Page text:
BJP President Amit Shah being blessed by an elderly man during a public programme on the occasion of the BJP’s foundation day at Mavalankar Hall in New Delhi on Wednesday. (Photo: PTI)

Spreading the Word

The strategy therefore appears to be quite clear – while the serious party leadership would formally toe Modi’s  well-orchestrated sabka saath, sabka vikas line, a small but vocal section of the second and third-line leadership would be systematically allowed to chant for the Ayodhya temple.

If some insiders are to be believed, the strategy was to be followed with this Samarpan Diwas , as a part of which party functionaries had already fanned out in their respective earmarked areas of operation. “They are expected to spread the message of the party down to the villages where people need to know all that the Modi government has done for them,” says state BJP spokesman Vijay Bahadur Pathak.

These functionaries will also raise funds for the party by collecting individual contributions, which he feels would imbibe the feeling of closer involvement with the party’s mission.
BJP spokesman, Vijay Bahadur Pathak

A plan was underway to ensure the presence of the party’s 71 Lok Sabha members in every district from where they would monitor the tasks assigned to lower functionaries at the village level.



BJP leaders, including Union ministers Mahesh Sharma and Manoj Sinha, during a party meeting in Lucknow on April 1, 2016. (Photo: IANS)
BJP leaders, including Union ministers Mahesh Sharma and Manoj Sinha, during a party meeting in Lucknow on April 1, 2016. (Photo: IANS)

Choosing a CM Candidate

However, even as the entire focus was on the forthcoming assembly election, the party was yet to take a final call on a face that could be projected as the potential chief minister. Significantly, some senior leaders of consequence were not prepared to be projected as CM candidate. 

Earlier, rumour mills churned out stories about Union Home Minister Rajnath Singh being entrusted with the leadership of the UP campaign. But with Singh choosing to play safe and shying away from the responsibility – which could be a political trap for him – the focus, of late, was on a relatively middle-rung leader Manoj Sinha, the Union Minister of State for Railways.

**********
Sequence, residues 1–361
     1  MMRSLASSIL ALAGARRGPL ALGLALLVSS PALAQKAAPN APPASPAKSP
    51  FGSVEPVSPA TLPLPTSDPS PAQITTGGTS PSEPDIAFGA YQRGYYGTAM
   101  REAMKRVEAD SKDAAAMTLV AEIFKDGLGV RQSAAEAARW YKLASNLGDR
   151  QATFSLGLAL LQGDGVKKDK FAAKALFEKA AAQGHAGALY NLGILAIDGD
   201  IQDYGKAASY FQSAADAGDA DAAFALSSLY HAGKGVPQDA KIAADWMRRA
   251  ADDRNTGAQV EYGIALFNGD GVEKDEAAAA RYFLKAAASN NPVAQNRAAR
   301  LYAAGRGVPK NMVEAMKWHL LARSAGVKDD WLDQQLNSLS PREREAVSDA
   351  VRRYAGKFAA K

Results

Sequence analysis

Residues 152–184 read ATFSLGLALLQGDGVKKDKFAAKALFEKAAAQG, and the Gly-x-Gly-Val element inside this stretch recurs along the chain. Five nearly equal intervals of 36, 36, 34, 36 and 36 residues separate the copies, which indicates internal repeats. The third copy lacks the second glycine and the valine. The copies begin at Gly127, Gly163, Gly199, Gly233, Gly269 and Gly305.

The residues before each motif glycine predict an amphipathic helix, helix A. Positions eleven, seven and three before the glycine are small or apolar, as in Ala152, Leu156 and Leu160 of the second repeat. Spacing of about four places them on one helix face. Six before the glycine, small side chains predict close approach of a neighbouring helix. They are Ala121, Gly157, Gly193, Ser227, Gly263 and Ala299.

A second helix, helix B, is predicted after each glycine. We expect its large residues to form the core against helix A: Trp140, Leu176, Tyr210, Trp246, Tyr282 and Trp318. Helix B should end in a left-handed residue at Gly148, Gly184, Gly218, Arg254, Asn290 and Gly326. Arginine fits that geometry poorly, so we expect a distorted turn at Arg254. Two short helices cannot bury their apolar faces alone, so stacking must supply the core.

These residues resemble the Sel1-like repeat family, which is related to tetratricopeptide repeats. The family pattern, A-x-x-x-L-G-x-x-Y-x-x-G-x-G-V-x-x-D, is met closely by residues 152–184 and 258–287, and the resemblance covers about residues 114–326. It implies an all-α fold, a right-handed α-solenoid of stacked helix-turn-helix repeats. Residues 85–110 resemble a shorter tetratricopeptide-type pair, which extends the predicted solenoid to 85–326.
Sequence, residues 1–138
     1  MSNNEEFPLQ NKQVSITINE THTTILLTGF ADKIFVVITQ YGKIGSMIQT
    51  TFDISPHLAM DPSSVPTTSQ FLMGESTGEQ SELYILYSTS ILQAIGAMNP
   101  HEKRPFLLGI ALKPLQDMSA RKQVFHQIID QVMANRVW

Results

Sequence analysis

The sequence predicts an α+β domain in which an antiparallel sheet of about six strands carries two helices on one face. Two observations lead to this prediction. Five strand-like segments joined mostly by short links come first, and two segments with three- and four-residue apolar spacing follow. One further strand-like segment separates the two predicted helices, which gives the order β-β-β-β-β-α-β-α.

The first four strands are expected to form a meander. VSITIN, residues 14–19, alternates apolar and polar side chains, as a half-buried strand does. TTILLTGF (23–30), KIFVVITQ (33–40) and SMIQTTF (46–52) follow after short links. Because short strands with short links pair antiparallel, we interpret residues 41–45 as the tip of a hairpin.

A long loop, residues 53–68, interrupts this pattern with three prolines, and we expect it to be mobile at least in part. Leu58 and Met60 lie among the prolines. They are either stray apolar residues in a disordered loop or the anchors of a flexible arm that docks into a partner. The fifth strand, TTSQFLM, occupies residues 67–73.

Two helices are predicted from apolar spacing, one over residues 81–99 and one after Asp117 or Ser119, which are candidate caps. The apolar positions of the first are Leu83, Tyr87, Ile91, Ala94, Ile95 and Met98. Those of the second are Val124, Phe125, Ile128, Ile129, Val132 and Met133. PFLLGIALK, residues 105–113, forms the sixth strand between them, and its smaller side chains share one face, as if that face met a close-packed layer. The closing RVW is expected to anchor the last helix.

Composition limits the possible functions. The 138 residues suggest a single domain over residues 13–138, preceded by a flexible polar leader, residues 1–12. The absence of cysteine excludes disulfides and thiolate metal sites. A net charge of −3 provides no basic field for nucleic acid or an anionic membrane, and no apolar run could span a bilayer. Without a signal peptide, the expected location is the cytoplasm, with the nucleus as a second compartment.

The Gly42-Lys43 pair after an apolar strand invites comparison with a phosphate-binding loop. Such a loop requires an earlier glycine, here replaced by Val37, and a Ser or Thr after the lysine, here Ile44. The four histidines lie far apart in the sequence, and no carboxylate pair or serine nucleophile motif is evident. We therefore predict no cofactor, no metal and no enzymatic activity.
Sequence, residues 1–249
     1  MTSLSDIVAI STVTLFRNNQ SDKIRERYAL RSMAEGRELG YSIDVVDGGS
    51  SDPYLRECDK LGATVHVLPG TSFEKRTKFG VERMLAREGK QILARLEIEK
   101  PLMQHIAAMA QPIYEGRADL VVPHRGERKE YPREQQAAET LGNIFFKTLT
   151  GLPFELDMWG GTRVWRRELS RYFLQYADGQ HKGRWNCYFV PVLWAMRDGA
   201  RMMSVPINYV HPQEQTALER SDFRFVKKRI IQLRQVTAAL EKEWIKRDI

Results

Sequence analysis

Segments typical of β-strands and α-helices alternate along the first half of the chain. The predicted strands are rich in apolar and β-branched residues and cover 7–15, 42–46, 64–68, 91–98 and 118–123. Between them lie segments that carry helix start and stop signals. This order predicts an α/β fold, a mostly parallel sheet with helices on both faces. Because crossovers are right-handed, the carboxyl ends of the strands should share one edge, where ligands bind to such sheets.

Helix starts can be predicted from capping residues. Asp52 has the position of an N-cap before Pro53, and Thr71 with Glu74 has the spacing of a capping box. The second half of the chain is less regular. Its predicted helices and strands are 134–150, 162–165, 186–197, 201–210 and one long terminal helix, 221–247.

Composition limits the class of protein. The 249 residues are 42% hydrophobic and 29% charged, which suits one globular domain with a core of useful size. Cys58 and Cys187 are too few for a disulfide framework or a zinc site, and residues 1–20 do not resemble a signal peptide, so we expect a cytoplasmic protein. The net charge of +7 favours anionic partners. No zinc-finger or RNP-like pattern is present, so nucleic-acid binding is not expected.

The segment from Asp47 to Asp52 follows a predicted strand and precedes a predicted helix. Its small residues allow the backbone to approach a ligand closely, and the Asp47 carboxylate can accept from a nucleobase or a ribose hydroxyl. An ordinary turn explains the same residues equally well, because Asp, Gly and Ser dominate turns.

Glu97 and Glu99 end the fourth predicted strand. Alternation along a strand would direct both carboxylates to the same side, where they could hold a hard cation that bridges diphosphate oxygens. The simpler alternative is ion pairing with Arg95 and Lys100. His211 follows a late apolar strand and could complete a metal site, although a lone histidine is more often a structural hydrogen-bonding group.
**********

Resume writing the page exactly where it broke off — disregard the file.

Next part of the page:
More recently, the spotlight shifted to Sinha, who was busy projecting himself as the man who had expanded the railway network in UP. His proximity to both Modi and BJP chief Amit Shah was also an asset for him.

There were other contenders for the top job and Lucknow mayor Dinesh Sharma’s name was pretty high on the list. He too was understood to have cultivated close proximity to both Modi and Shah ever since he was made in-charge of the party’s Gujarat affairs.

If the BJP bigwigs are unable to take the final call on the CM nominee, then least of all, they would bring about a change in the party’s state leadership as the current incumbent Laxmikant Bajpai had long before been sounded to make way for a new state president. With the Samarpan Diwas having marked the commencement of the poll exercise, sure enough, these questions cannot remain unanswered for long.

(The writer is a Lucknow-based senior journalist)

Also read:

BJP’s Rout in MLC Polls, a Sign of Disillusionment Among Voters

UP Panchayat Poll: Is this Mayawati’s Comeback?